DOJ Unveils New Initiative To Help Police Departments, Offers Aid To Minneapolis
The Department of Justice has set aside $3 million in grants and established a National Response Center aimed strengthening police reforms and reducing the use of excessive force by law enforcement.
Federal officials unveiled the initiative in Minnesota Tuesday and expressed hope the city of Minneapolis would be the first jurisdiction to take advantage of the program.
The announcement comes five months after George Floyd was killed by Minneapolis police on Memorial Day. That encounter, captured on cell phone video then posted to social media, sparked international protests against police brutality and systemic racism.
"I'm encouraged and excited about the offer," Minneapolis Police Chief Medaria Arradondo said at a media briefing. "I have been working on our plans in creating a new MPD and this would be a key component to that."
He added that the grant would provide additional support for training officers, and assist with reviewing current policing policies, as well as providing for the mental health of officers.
Arradondo also said he hoped city leaders would agree to accept the offer from the Department of Justice and noted the police department has lost an estimated 130 officers compared to this time last year. He said he anticipates more officers will leave before the end of 2020.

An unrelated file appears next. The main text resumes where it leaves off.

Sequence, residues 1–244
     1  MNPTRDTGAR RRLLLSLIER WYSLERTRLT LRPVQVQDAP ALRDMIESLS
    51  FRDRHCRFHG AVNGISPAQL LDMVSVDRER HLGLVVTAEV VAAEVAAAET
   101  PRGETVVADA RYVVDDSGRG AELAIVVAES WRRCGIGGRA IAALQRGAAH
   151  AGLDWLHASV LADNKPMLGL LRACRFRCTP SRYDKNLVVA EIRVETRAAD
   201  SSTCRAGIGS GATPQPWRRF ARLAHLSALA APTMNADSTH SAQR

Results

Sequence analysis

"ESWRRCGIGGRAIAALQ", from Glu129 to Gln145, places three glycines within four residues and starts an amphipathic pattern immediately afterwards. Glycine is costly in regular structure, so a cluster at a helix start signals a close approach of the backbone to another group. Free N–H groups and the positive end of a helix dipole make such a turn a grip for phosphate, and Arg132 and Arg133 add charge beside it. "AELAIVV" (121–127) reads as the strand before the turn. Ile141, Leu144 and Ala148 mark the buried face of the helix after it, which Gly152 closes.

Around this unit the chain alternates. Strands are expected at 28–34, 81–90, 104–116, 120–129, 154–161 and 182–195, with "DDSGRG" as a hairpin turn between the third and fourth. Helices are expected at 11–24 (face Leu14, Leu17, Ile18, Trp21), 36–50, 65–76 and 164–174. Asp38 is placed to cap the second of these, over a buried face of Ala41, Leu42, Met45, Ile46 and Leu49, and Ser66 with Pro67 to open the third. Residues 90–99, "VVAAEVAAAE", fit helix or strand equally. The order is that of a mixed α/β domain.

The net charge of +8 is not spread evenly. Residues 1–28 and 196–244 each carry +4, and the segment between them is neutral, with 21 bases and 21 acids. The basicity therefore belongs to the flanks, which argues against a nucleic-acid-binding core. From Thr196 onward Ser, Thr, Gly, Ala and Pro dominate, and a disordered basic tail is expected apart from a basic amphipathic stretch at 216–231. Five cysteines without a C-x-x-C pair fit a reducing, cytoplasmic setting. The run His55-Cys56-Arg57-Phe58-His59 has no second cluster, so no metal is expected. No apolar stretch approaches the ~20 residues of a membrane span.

Katharine Sullivan, the principal deputy assistant attorney general of the Office of Justice Programs billed the initiative as a "tactical center that will surge resources" to assist law enforcement agencies.
She said the response center will be run by the International Association of Chiefs of Police, a nonprofit organization based in Alexandria, Va., which will help with recruiting and retaining officers.
The announcement comes two weeks ahead of the presidential election where issues of policing, racial tensions and civil unrest in cities across the U.S. are top campaign issues.
Since Floyd's death in May, he and other Black Americans who have been killed or seriously injured by police this year, including Breonna Taylor, Rayshard Brooks and Jacob Blake, have become rallying cries at demonstrations.
The Minneapolis City Council banned the use of chokeholds and other neck restraints in June, less than two weeks after Floyd's death. The city council also approved an agreement with the Minnesota Department of Human Rights, which opened a civil rights investigation in the wake of Floyd's killing.
All four officers involved in the Floyd incident have been fired from the police department and face criminal charges linked to his death.
Derek Chauvin, the then-officer who is seen kneeling on Floyd's neck for several minutes in the video, faces second-degree and third-degree murder and manslaughter charges.
The other three, Thomas Lane, Tou Thao and Alexander Kueng, face charges of aiding and abetting murder in the killing of Floyd.
All have been released from jail on bond and their trial is expected to get underway in March.